Robert Frost is by far the most celebrated major American poet of the twentieth century. In part, this is because his poetry seems, on the surface, to be so accessible, even homey. But Frost was not just a powerful writer of popular lyric and narrative verse, argues Peter J. Stanlis in this major contribution to American literary study and philosophy. Rather, his work is deeply rooted in a complex philosophical dualism that opposes both idealistic monism, centered in spirit, and scientific positivism, which posits that the universe can be understood as nothing but matter.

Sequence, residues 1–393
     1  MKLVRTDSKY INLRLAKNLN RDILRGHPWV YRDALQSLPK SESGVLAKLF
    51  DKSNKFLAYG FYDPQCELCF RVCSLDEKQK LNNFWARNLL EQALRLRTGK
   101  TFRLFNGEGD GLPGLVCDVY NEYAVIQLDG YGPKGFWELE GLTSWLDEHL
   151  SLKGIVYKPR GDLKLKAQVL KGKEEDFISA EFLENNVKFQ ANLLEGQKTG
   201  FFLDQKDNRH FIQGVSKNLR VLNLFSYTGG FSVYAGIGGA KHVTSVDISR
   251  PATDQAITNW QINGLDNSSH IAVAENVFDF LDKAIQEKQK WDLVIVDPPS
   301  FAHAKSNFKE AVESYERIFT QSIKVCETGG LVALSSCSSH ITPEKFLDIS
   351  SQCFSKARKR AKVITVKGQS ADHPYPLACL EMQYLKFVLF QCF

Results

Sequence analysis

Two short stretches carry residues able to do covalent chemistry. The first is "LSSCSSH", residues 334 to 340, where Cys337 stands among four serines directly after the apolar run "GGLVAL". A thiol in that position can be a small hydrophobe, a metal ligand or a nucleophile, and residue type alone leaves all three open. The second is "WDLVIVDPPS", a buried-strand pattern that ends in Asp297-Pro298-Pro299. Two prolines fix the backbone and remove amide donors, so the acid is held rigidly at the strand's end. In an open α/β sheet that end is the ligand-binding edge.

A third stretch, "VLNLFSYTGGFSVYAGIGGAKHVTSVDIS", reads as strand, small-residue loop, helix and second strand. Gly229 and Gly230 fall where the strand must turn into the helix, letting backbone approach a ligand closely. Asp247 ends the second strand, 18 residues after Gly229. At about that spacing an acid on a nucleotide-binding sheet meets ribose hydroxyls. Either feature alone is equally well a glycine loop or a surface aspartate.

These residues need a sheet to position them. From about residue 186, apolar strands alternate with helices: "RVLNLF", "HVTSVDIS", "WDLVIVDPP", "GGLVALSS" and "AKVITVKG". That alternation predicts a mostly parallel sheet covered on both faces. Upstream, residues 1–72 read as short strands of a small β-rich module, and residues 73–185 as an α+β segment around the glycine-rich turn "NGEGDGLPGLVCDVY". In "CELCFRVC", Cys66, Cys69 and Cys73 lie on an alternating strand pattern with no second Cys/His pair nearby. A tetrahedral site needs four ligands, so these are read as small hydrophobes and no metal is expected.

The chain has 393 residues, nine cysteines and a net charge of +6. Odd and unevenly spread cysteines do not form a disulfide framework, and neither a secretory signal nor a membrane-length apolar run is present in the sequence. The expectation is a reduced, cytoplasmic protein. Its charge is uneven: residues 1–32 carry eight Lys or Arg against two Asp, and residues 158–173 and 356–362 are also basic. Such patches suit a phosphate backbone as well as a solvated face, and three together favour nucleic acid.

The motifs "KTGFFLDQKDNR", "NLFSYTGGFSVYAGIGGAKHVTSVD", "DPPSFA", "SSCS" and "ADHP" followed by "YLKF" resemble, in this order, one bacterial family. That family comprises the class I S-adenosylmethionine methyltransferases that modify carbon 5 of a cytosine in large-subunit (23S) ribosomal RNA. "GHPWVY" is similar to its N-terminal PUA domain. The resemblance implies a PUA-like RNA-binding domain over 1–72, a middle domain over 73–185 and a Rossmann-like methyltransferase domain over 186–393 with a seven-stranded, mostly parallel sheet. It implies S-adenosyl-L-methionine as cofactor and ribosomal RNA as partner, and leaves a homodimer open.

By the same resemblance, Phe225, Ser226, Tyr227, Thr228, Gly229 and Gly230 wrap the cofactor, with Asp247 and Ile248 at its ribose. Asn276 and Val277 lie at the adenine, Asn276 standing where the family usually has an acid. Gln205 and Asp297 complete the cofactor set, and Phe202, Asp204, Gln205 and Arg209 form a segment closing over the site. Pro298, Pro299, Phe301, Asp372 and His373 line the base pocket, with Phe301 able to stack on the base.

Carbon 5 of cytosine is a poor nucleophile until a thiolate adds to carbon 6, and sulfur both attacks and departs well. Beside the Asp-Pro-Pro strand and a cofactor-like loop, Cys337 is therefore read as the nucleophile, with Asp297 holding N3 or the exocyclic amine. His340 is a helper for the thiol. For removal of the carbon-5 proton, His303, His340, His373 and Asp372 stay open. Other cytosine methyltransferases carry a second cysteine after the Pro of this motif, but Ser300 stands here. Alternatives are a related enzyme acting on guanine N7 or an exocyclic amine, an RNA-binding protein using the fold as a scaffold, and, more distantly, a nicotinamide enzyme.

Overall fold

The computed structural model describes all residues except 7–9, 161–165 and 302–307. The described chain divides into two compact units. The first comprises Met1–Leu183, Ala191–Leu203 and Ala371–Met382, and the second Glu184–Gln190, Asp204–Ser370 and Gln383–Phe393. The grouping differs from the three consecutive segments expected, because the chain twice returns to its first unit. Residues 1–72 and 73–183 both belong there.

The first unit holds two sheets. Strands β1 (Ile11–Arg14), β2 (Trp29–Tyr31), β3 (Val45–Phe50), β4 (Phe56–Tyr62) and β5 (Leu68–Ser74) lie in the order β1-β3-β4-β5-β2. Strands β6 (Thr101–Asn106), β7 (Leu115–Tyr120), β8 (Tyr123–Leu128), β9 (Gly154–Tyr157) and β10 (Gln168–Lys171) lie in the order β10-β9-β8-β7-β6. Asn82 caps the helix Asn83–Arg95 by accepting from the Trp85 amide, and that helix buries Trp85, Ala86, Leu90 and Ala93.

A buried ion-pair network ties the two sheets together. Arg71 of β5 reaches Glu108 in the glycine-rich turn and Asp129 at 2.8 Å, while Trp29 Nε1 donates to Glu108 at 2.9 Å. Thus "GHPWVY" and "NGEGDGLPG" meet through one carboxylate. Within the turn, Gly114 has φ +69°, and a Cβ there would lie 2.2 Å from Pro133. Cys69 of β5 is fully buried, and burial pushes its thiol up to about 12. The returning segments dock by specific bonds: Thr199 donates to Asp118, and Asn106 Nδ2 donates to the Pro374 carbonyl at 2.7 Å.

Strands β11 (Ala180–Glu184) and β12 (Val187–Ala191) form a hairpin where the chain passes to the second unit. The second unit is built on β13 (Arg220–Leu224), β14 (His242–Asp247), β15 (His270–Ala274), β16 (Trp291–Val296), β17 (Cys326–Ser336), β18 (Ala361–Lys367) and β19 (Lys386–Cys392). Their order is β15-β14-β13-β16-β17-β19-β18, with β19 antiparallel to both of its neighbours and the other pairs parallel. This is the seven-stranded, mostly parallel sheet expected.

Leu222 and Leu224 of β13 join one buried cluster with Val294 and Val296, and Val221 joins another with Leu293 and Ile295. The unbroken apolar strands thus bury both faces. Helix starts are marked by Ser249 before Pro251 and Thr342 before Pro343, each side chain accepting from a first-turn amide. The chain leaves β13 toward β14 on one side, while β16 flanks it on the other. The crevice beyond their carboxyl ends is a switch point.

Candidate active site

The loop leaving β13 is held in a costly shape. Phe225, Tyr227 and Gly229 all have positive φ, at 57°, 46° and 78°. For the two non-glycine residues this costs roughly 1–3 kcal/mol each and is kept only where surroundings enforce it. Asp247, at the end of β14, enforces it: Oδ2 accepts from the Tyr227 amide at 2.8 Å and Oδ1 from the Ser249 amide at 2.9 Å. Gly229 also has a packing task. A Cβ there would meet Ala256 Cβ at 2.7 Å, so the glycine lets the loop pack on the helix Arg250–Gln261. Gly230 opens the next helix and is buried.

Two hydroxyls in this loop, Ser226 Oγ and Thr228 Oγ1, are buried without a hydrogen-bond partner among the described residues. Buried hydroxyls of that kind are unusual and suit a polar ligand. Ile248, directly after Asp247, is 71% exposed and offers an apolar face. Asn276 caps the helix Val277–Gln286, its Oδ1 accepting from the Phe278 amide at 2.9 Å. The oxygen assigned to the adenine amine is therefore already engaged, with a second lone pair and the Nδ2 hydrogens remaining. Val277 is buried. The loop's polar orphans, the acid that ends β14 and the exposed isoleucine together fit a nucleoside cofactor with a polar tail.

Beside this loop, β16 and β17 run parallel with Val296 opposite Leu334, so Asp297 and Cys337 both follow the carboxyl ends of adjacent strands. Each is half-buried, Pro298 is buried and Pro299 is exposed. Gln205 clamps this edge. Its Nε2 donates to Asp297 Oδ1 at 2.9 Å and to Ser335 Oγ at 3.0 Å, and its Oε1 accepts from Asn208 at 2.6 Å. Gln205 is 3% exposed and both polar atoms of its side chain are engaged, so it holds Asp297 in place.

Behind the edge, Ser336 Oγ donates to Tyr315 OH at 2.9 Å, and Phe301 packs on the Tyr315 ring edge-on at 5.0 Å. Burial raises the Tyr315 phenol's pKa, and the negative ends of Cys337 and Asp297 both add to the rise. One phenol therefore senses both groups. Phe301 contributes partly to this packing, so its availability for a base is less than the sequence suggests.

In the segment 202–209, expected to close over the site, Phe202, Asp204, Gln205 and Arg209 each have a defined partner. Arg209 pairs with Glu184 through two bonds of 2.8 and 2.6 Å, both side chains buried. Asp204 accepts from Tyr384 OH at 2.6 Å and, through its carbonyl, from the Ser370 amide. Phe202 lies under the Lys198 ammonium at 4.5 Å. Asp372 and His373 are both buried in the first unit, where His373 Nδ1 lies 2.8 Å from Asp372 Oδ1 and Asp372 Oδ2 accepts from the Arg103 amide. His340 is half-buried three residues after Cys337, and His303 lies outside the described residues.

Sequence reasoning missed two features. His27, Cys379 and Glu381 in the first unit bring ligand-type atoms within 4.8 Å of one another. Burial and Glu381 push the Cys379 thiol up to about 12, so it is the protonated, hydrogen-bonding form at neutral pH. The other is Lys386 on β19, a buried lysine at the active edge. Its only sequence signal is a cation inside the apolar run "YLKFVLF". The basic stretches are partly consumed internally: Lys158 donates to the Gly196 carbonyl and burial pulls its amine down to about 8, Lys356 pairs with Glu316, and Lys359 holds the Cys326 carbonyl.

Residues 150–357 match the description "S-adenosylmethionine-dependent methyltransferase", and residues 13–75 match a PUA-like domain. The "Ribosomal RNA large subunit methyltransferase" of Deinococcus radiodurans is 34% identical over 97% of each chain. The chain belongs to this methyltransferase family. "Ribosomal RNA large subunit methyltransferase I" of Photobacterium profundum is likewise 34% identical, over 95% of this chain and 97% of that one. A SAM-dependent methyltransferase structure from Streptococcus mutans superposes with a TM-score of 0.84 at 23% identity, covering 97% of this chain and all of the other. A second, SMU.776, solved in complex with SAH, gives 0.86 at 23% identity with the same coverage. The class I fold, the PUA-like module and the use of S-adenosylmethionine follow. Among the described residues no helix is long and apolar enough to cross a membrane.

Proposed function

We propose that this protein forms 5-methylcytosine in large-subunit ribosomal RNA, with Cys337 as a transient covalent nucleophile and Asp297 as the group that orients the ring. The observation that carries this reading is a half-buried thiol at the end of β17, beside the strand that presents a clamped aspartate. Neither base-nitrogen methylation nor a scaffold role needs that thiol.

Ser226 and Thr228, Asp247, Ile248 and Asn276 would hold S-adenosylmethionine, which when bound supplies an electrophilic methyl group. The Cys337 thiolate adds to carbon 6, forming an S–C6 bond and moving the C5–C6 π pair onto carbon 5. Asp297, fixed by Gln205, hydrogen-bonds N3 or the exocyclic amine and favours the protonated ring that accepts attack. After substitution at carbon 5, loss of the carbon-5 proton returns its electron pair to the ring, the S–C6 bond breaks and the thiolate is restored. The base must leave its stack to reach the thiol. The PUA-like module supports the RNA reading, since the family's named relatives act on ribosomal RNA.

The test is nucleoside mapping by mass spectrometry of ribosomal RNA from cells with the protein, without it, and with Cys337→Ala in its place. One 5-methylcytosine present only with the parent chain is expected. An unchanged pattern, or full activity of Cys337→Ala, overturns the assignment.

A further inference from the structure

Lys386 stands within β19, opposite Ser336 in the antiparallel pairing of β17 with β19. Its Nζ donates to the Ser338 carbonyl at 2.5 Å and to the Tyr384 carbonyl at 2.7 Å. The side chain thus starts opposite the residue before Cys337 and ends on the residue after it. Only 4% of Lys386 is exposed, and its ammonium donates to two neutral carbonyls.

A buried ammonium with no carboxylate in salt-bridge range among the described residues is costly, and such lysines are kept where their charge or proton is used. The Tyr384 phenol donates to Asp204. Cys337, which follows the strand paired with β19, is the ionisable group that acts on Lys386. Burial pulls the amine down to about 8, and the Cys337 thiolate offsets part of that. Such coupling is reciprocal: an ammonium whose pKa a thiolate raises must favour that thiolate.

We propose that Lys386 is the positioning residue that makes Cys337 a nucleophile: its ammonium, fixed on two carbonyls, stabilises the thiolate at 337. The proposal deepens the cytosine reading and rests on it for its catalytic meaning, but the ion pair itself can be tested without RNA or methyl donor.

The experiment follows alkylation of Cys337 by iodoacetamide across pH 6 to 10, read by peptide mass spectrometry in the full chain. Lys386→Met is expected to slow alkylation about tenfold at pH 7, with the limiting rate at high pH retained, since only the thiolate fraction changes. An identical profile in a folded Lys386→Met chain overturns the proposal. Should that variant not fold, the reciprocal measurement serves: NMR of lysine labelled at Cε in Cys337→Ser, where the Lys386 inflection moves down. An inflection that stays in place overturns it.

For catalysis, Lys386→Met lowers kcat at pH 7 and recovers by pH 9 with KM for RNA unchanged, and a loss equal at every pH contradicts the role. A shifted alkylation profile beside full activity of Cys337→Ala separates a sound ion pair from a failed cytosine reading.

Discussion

In Robert Frost: The Poet as Philosopher, Stanlis shows how Frost’s philosophical dualism of spirit and matter is perceived through metaphors and applied to science, religion, art, education, and society. He further argues that Frost’s dualism provides a critique of the monistic forces that were instrumental in the triumph of twentieth-century totalitarianism. Thoroughly informed by his twenty-three year friendship and correspondence with Frost, Stanlis's landmark volume is the first attempt to deal with the poet’s philosophy in a systematic manner. It will appeal not only to fans of Frost but to all who understand poetry as a form of revelation for understanding human nature.